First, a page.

First up on our playlist, a myriad of tracks made in the memory of the late, great Notorious B.I.G. While it’s not uncommon for multiple artists to pay homage to a deceased emcee, whether that’s in the form of a few lines on a verse or an entire track, it’s hard to think of anyone in Hip Hop who has had more tributes in Biggiehis name than Biggie. This should come as no surprise as Biggie was about to take the world by storm in 1997 with his second studio album, ‘Life After Death’ ready to be released before he was tragically taken from us, a murder still unsolved to this day. There are two “what could’ve been” careers in Hip Hop that resonate most with me, the second which I’ll tackle later, but Biggie’s is the most prominent. Many of the other emcees on this list had much longer runs before they passed away. Biggie was literally about to run Rap as its undisputed king and then he was fatally gunned down, leaving us all to wonder how far he could’ve taken his career, as well as the industry as a whole. The sheer number of tributes he’s gotten since he passed reflect this. Many call him the greatest of all time, and it’s hard to dispute that, but one thing’s for sure: based on how many artists go out of their way to memorialize Christopher Wallace, he is surely the most beloved figure in Hip Hop history. We’ll always love Big Poppa.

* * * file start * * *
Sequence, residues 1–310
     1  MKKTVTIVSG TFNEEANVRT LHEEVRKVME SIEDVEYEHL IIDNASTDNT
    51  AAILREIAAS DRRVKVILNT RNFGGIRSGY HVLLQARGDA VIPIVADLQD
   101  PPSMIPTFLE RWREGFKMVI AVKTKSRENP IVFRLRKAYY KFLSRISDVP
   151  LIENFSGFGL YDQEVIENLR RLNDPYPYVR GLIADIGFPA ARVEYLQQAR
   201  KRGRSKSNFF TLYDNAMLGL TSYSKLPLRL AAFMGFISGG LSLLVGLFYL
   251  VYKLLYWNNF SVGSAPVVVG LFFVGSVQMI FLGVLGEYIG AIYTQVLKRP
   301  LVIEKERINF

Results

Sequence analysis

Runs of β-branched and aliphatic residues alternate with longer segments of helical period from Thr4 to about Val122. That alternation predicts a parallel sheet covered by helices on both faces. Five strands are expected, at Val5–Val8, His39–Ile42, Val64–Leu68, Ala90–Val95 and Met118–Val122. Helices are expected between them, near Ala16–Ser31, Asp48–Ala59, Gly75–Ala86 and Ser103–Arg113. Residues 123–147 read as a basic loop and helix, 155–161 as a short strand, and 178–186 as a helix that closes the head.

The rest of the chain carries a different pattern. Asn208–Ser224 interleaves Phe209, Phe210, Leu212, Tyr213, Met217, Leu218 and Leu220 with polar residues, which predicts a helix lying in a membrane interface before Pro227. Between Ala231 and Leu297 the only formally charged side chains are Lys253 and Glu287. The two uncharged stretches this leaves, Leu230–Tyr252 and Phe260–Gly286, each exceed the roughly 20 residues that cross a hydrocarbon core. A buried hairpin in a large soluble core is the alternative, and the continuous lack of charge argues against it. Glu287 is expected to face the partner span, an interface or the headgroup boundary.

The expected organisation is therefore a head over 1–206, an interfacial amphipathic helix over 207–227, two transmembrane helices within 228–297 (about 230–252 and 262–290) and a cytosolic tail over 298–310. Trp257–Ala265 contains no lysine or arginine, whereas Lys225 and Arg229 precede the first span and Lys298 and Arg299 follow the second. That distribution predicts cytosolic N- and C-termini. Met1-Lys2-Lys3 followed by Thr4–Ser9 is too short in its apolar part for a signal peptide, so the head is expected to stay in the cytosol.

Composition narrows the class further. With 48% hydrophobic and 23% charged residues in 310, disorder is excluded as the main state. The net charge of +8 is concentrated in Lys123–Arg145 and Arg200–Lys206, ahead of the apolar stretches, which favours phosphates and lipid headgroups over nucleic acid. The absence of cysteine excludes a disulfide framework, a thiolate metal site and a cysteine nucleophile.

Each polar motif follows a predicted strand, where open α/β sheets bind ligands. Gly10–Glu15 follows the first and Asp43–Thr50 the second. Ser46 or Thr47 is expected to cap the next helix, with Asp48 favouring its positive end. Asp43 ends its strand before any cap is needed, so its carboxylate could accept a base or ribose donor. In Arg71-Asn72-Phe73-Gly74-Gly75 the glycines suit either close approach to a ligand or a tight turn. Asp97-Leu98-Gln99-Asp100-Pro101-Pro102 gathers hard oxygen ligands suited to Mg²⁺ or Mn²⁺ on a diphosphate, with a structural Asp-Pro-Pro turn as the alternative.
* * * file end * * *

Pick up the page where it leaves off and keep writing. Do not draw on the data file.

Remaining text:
I’ll Be Missing YouPuff Daddy featuring Faith Evans

In Memoriam Lyric: “Even though you’re gone, we still a team. Through your family, I’ll fulfill your dream.”

Perhaps the most well-known and commercially successful of all tribute tracks, our choice lyric from Puffy conveys that genuine sentiment many of us feel when a loved one passes: spiritually, you will never leave my side, and in the physical, I’m going to do everything in my power to ensure your family realizes the goals and desires you had while on Earth. Still a touching track to this day.